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Shine Bright Like a Diamond - Gedemer's Shining Legends Set Review

Caleb Gedemer

Introduction

Hey all, welcome back to Dead Draw Gaming. It’s that time again, time for another set review. This time, I’ll be going over the upcoming set, Shining Legends. It’s due for release on October 6, so there’s no time like the present to get acquainted with some of the cards, and start theorizing about potential archetypes, or additions, to existing decks that are sprung from the new cards.

As with any new set, I like to give you all a solid set review, browsing over most, if not all, of the playable cards. Using what’s become the norm, I’ll be using my five-star system to better characterize my thoughts on each of the cards I talk about. I’ll be writing up my unfiltered thoughts on each card, either persuading you to consider it, or dissuading you from doing just that.

Before I get started, it’s time for some credit to some other fantastic sites! Thanks to Bulbapedia, as well as Pokellector for the card scans, and card translations. Let’s hop to it, now. Shining Legends, I choose you!

The Cards


Venusaur 003/078 - 2/5 Stars

Let’s start off with Venusaur. With 160 HP, it’s quite the beast, but as a Stage 2, it might be difficult to get going. Since Forest of Giant Plants isn’t legal anymore, Rare Candy will be a must when trying to efficiently set up Venusaur. [It was mistranslated in its English print, saying that each Grass in play counts as two Grass instead. Maybe it will receive an errata, but for the purposes of this article, I am reviewing it as if it does do what the mistranslation is said to say.] As far as the card itself, it’s actually quite good, but only because of its Ability. Lord of the Jungle can work well with Tapu Bulu-GX, and provide a more efficient way of attacking with Nature’s Judgement.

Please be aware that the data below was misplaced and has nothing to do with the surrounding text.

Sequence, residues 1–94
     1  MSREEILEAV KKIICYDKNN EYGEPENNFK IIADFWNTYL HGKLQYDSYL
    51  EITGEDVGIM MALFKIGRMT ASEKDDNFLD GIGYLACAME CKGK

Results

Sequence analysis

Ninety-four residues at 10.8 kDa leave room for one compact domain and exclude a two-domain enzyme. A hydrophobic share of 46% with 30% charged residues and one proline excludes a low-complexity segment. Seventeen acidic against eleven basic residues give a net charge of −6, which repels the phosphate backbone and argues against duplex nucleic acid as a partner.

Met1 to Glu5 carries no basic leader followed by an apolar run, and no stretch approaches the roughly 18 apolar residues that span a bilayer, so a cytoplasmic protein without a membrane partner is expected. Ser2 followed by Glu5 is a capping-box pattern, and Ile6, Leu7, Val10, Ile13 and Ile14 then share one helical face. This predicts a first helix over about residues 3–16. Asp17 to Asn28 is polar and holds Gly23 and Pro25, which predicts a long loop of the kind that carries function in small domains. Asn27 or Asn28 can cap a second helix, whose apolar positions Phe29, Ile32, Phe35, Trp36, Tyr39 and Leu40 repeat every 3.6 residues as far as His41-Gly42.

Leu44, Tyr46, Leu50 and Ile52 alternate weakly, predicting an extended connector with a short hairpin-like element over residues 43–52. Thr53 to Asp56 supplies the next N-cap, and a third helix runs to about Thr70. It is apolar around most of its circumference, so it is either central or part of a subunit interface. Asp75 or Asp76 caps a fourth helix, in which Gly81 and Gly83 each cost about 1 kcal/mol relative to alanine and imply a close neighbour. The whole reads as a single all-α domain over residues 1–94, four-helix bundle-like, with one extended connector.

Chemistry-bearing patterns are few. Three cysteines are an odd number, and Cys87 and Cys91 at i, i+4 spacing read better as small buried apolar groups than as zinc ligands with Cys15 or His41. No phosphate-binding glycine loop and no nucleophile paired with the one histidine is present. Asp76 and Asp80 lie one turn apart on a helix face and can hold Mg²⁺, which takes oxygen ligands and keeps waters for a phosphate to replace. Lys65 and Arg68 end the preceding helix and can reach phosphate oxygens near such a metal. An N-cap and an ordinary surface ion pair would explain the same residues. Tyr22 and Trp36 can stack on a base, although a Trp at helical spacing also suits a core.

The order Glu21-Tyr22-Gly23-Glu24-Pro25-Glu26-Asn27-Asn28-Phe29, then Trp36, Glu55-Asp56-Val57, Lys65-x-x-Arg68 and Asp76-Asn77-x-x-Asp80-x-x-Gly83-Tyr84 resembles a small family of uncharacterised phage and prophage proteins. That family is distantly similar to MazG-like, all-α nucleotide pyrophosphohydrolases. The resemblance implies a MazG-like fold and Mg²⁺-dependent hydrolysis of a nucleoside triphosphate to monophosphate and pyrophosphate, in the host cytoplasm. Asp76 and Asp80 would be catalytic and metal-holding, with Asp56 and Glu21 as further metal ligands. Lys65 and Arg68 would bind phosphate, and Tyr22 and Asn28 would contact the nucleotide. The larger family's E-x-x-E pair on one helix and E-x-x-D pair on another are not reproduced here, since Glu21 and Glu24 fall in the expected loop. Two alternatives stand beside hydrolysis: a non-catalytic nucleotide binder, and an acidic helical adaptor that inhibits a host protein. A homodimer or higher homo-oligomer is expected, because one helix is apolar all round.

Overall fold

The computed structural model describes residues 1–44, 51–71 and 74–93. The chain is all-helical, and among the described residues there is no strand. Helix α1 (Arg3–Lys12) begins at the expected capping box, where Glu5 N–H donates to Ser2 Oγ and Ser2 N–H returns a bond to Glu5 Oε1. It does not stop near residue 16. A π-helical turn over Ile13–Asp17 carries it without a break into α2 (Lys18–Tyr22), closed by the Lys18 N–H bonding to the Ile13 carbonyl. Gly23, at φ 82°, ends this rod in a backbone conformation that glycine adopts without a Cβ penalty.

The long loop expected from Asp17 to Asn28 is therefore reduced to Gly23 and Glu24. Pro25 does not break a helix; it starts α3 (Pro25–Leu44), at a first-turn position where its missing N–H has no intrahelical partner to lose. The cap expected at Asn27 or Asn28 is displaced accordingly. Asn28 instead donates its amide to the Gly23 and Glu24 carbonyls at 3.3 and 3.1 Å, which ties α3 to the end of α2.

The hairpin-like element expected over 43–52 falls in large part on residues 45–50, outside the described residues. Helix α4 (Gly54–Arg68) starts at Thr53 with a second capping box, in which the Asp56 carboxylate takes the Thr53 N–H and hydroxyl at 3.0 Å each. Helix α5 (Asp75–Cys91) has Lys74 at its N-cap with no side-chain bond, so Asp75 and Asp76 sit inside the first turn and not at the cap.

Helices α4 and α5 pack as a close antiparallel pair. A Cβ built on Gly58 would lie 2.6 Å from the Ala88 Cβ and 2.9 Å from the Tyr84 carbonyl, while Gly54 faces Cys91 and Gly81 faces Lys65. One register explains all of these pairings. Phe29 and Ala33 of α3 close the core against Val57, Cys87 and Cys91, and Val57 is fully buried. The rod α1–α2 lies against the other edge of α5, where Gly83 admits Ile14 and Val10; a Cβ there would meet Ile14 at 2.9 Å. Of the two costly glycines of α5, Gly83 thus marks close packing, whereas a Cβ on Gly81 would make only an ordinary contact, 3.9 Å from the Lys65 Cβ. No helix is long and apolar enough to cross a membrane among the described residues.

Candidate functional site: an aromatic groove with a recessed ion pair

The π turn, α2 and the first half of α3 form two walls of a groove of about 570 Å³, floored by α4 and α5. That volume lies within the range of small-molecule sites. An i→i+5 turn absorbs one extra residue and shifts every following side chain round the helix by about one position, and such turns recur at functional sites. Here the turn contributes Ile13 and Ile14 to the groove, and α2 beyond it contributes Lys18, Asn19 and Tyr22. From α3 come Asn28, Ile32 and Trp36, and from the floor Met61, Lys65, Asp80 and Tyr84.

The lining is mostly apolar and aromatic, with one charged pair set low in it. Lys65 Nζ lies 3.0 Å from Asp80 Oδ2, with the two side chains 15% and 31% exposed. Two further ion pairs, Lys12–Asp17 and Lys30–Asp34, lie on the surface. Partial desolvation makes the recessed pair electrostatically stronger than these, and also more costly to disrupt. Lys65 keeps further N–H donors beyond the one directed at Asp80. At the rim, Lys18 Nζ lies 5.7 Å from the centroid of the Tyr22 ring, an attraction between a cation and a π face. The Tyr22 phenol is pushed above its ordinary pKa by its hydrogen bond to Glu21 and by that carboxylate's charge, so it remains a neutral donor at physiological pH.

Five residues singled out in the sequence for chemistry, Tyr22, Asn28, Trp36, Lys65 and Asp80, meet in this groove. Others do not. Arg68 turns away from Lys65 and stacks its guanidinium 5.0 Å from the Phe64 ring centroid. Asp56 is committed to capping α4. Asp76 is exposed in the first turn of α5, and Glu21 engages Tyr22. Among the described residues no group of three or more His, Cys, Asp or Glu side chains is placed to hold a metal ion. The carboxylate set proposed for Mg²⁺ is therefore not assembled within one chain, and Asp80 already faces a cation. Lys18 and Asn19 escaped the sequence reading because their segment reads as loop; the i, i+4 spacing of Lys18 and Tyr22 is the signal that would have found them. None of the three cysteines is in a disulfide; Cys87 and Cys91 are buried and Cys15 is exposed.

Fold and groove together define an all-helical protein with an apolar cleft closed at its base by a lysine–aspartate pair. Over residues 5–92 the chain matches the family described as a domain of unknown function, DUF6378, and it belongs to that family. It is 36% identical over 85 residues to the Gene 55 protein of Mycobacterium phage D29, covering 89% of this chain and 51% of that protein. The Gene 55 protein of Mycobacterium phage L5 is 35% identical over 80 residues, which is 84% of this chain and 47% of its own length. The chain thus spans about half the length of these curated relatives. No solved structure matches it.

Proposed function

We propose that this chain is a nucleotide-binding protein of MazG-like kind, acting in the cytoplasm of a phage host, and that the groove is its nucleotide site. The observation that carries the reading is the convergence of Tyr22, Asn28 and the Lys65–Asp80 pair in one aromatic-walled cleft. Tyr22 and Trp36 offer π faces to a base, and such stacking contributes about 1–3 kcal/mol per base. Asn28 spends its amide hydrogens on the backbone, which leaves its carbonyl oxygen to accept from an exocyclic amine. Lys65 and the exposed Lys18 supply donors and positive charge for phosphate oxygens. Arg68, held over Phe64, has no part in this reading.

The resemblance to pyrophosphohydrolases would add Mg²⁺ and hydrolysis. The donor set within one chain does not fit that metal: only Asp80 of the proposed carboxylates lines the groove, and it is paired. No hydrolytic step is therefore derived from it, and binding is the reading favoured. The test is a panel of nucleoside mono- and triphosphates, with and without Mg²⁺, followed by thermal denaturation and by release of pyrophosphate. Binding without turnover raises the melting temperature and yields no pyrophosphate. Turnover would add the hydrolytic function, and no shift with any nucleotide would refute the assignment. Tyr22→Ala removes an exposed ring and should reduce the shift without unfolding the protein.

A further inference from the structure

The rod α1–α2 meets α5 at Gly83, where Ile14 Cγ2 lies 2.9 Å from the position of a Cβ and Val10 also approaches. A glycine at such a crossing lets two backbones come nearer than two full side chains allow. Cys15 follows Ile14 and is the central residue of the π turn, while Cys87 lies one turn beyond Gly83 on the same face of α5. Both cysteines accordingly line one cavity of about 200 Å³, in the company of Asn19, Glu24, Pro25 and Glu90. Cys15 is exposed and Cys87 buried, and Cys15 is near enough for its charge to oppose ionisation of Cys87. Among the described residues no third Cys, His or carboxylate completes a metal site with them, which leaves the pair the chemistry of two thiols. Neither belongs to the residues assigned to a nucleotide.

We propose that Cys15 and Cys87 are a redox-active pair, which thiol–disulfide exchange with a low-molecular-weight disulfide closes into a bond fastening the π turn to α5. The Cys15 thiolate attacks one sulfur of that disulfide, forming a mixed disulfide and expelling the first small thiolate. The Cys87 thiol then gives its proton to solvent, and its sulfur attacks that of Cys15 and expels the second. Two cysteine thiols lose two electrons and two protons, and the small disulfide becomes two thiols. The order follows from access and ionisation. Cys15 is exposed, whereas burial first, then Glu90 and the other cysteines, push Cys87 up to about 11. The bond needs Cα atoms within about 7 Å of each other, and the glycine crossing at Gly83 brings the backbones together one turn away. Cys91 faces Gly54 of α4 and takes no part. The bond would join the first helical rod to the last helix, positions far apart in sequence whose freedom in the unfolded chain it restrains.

The only problem, though, is that the Ability does not “stack”. Meaning, you can’t have two Venusaur in play causing a single Grass Energy to count as four Grass Energy. That’s a little disappointing, honestly, since the card would be nuts if that was the case, especially with Tapu Bulu-GX, like I already mentioned.

Regardless, this card could see some fringe play in Grass decks, but likely won’t stack up to the likes of better partners for Tapu Bulu-GX, like Vikavolt from Sun & Moon.

Carnivine 006/078 - 1/5 Stars

This card is a distant relative of a Dark Explorers print of Carnivine, which had the exact same effect for the same Energy cost as its first attack. That card saw a bit of play over the years, but was never a big player in the format. I expect more of the same when considering this card, as it serves as a neat tech in a Grass deck, but with Guzma’s existence, the Pokemon you want trapped Active probably won’t be hanging around for very long.

Shaymin 007/078 - 3/5 Stars